Tuesday marks the 80th anniversary of the death of Ignacy Jan Paderewski, pianist and composer, activist for the reconstruction of independent Poland, Prime Minister and chairman of the National Council of the Republic of Poland, considered one of the fathers of Polish independence.
He was born on November 18, 1860 in Kuryłówka in the Russian partition, in the family of an administrator of land estates. The traditions of the struggle for independence were very vivid in the Paderewski family. The ancestors of the future Prime Minister fought in the uprisings of 1830 and 1863.
Even in his early childhood, Ignacy Jan showed great musical talent. In 1872, he began studies at the Music Institute in Warsaw, and later in Berlin and Vienna. In March 1888 he played a concert at the Salle Érard in Paris, which launched his international career as a pianist.
He became famous for the first time in Polish social life thanks to the foundation of the Grunwald Monument in Krakow unveiled on the 500th anniversary of the Polish victory over the Teutonic Knights.
At the outbreak of World War I, he fully engaged in patriotic activities. In April 1915 he went to the USA to collect funds for the functioning of the General Committee for Aid to Polish Victims of War, which he founded together with Henryk Sienkiewicz, Polish Nobel Prize winner.
Thanks to the support of Edward House, friend and close adviser to US President Thomas Woodrow Wilson, Paderewski met with the President on two occasions, who recognised the need to "rebuild the independence of the Polish State." The recruitment of Poles in the USA for the Polish Army created in France also began.
On August 28, 1917, Paderewski became a member of the Polish National Committee in Paris, recognised by the Allied states as the only official representation of reborn Poland.
In 1918, Paderewski came to Poznań, Western Poland. His visit caused a great patriotic demonstration, contributing to the outbreak of the Greater Poland Uprising.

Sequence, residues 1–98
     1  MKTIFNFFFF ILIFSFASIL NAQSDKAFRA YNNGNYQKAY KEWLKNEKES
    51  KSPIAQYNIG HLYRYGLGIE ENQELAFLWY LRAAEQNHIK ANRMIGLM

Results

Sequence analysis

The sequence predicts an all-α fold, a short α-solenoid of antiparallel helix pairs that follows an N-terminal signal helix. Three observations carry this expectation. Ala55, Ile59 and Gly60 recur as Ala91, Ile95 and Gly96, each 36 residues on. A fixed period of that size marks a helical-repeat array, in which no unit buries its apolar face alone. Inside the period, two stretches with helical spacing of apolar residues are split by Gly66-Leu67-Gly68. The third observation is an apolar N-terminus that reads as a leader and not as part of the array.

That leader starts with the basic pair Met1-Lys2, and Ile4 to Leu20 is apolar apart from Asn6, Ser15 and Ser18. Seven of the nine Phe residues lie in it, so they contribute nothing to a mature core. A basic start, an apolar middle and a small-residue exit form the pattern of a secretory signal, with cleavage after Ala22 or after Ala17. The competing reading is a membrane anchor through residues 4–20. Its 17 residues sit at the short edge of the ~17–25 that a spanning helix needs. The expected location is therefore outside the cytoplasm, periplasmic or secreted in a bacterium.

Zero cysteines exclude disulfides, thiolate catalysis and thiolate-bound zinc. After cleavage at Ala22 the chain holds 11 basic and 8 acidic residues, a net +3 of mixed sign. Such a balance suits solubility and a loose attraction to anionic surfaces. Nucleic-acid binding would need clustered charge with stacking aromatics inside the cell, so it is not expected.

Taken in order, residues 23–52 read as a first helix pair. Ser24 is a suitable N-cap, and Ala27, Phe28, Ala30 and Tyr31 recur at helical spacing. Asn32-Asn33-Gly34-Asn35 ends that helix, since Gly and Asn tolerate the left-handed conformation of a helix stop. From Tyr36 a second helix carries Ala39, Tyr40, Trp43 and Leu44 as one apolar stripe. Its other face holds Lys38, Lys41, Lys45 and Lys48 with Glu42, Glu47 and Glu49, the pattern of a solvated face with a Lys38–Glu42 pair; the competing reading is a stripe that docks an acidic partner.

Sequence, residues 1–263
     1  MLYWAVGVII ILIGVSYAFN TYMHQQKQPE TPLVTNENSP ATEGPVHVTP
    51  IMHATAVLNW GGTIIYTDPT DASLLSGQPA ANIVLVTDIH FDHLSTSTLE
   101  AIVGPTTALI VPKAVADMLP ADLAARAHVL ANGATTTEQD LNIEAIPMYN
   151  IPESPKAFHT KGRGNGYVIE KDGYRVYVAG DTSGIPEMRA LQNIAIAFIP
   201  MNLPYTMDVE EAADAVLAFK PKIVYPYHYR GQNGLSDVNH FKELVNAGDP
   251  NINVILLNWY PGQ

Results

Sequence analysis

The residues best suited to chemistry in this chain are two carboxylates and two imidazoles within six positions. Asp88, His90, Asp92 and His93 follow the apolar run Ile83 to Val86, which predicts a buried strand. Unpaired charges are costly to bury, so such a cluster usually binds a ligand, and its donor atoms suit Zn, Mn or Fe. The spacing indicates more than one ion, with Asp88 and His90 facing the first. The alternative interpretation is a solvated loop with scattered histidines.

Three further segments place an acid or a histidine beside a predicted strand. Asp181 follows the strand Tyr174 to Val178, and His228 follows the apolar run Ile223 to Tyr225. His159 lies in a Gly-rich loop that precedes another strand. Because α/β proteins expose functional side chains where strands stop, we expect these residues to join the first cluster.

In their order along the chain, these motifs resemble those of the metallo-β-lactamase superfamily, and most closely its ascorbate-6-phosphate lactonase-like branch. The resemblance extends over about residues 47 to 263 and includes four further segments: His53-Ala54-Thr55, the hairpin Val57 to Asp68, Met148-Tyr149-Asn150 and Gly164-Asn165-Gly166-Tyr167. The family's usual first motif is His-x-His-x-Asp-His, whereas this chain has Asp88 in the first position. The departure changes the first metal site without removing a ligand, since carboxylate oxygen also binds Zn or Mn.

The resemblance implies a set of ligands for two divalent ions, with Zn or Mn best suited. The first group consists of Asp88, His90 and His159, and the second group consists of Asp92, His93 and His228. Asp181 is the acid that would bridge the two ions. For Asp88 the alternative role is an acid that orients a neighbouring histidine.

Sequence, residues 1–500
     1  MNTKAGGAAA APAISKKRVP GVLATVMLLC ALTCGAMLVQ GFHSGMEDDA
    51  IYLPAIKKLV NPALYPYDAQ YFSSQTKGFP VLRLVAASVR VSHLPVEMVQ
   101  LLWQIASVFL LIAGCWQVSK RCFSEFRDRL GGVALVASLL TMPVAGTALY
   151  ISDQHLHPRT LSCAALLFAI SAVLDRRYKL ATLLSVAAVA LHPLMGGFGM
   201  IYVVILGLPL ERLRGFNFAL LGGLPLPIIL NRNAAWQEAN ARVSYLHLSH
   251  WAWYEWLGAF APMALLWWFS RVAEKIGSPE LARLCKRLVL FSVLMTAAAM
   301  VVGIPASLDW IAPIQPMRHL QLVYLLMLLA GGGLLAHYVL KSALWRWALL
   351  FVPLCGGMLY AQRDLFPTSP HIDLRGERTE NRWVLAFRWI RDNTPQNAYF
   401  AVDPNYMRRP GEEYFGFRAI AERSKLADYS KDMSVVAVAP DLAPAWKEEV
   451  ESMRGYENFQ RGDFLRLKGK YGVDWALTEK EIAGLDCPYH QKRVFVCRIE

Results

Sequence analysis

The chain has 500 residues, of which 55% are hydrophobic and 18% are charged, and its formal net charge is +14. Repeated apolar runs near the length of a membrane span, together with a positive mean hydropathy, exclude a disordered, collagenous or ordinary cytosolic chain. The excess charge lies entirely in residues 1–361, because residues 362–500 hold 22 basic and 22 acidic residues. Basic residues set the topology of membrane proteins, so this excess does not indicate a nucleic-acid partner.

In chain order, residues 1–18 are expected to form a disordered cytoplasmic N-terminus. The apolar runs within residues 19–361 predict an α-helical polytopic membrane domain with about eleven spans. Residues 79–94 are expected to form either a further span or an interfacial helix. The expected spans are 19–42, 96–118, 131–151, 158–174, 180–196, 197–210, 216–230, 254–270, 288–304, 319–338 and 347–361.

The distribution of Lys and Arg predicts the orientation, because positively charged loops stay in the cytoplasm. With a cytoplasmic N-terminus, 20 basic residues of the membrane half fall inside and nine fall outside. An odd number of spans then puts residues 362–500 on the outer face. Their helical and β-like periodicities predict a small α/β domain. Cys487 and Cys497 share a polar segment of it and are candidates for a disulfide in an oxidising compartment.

On January 16, 1919, Paderewski was appointed by Józef Piłsudski as the President of the Council of Ministers and simultaneously the minister of foreign affairs and the Polish delegate to the Peace Conference in Paris.
Paderewski focused on foreign policy, especially on obtaining borders favourable to Poland during the Paris Peace Conference. His government also played a great role in organising Polish state administration in the area of the three partitions. On June 28, 1919, on behalf of Poland, he signed the Treaty of Versailles. Together with Roman Dmowski, he is considered the most important Polish politician who influenced its shape.
In the fall of 1919, Paderewski's government was subjected to increasing criticism. The disastrous economic situation and unresolved external conflicts fell short of what was expected by society a few months earlier. On December 9, 1919, he resigned as Prime Minister and temporarily withdrew from political life.
After the outbreak of WWII, he assumed the chairmanship of the National Council of the Republic of Poland established in France in December 1939, and the following year he left for the United States, seeking help for Poland again.
He died on June 29, 1941 in New York. He was buried at the Arlington Military Cemetery in Washington. In 1992, his ashes were brought to Poland and deposited in the Cathedral of St. John in Warsaw.
Ignacy Paderewski was decorated with, among other things, The Great Ribbon of the Order of the White Eagle, the Great Ribbon of the Order of Polonia Restituta and the posthumous Cross of the Order of Virtuti Militari.